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General Jim Mattis has served his country for his entire life. He is one of the most important and respected military leaders of the last half-century.
He also has the distinction of being the only person I know who has been fired by both Presidents Obama and Trump. In both cases, it was to the administration’s – and the country’s – detriment. However, in both cases, General Mattis also knew his duty was to the United States. That made him feel comfortable in disagreeing with his commander in chief.
I first knew General Mattis during the Iraq war under President George W. Bush, when Mattis was part of the Marine detachment in Kuwait. I was immediately impressed. I later watched him continually adjust and adapt in the battle of Fallujah, which led him to a decisive victory.
His 44-year career as a Marine, which began when he enlisted in 1969 at age 18, has been stunning. He led Marine forces on the ground in some of the most dangerous places on the planet – including Iraq in 1991 and 2003 and Afghanistan in 2001. His success eventually led him to become the Commander of all Marine Forces in the Middle East and later the Commander of U.S. Joint Forces Command, NATO’s Supreme Allied Command for Transformation, and U.S. Central Command. His non-combat service for the Department of Defense has been equally impressive.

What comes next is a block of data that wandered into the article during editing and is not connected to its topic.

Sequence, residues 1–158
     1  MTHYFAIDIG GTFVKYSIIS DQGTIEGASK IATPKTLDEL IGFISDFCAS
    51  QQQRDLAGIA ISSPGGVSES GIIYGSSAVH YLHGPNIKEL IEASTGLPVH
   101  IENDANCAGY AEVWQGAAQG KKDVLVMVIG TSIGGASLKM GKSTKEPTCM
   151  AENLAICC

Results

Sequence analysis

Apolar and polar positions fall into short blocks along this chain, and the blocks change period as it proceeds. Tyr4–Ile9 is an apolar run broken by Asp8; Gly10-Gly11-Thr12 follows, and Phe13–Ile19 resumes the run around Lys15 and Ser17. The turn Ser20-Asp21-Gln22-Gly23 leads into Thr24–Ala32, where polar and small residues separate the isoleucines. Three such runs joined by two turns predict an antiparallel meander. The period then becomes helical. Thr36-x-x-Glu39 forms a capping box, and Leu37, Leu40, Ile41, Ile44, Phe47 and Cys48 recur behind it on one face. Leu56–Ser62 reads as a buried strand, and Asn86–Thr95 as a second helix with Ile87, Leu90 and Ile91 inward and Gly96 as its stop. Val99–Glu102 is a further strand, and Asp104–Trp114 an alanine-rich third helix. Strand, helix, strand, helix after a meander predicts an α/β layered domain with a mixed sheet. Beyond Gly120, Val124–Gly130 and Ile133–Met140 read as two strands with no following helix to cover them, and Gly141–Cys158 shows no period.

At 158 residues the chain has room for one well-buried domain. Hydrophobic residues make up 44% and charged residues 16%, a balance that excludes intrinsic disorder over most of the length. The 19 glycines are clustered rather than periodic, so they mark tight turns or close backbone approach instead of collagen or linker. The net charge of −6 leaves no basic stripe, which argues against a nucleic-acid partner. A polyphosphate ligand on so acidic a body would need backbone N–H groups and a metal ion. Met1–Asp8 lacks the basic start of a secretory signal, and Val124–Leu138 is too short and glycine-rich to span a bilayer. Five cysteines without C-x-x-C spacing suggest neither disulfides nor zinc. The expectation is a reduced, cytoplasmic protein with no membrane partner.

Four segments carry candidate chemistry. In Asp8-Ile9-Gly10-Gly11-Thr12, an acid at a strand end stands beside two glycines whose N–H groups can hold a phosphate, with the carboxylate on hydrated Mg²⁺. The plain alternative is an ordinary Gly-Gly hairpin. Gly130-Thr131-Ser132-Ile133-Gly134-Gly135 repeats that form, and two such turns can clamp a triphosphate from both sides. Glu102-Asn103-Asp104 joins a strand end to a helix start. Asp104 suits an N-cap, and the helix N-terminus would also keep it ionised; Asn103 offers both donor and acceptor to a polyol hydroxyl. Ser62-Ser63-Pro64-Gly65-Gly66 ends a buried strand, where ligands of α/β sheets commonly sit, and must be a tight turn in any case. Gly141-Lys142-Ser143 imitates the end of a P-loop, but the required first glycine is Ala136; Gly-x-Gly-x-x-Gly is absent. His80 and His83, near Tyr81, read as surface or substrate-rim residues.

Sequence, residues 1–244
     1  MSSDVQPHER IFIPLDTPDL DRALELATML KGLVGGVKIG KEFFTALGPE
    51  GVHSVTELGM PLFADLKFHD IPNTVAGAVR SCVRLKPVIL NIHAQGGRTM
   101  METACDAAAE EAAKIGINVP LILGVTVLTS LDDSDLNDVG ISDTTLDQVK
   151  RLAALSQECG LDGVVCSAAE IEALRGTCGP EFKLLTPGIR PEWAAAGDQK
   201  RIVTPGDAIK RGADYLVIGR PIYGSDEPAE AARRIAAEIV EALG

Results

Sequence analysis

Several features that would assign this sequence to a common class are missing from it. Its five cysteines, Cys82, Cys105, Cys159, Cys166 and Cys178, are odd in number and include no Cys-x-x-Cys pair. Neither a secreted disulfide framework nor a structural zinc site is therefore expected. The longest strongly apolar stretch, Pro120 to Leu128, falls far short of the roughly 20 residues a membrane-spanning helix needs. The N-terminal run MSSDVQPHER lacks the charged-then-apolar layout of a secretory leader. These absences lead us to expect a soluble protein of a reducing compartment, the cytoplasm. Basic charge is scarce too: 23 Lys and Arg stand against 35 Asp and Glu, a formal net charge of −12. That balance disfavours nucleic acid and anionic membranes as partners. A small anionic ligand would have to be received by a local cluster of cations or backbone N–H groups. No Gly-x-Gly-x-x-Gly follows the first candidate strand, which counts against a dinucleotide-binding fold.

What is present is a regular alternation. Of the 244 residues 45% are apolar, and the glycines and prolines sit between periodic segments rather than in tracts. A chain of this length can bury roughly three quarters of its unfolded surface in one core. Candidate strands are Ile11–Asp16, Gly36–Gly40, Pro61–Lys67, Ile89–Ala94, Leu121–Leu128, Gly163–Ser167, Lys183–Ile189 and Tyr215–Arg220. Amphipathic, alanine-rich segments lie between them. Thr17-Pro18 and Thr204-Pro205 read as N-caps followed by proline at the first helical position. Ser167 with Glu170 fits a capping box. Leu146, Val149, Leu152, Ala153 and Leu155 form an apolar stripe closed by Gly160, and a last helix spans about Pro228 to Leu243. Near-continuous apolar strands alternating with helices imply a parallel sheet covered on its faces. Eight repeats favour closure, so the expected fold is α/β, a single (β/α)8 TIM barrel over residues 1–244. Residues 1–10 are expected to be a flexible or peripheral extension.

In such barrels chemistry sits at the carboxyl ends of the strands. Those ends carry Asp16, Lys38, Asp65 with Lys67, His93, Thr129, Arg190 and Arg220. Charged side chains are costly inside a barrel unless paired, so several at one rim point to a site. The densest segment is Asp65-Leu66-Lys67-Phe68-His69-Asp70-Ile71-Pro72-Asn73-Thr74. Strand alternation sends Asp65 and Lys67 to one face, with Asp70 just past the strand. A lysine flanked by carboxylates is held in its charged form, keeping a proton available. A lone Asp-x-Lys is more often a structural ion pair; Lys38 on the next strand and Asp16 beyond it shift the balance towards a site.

I have greatly enjoyed and deeply appreciated working with him as he has served as U.S. Secretary of Defense. Few people alive today have embodied valor, courage, and sheer patriotism that matches General Jim Mattis.
One of my fondest memories with General Mattis was drinking wine and talking with him for a few hours after a meeting with then-Senate Armed Services Committee Chairman John McCain. When I told Mattis about my grandson’s fascination with Waterloo, he told me that he had never fully understood the conflict until he had read the Sharpe novel series by Bernard Cornwell about a British officer fighting in the Napoleonic Wars, which I passed on to my grandson.
I have come to know General Mattis as a remarkable intellectual – and perhaps the best-read officer the Marine Corps has ever produced.
The respect for him at the Department of Defense is tremendous. The respect he has garnered around the world – from both our allies and enemies is breathtaking. Anyone who questions his patriotism or service is simply wrong.
General Jim Mattis is an American patriot. We should all be deeply thankful for the lifetime of service he has devoted to our country – and saddened that his service as Secretary of Defense has come to an end.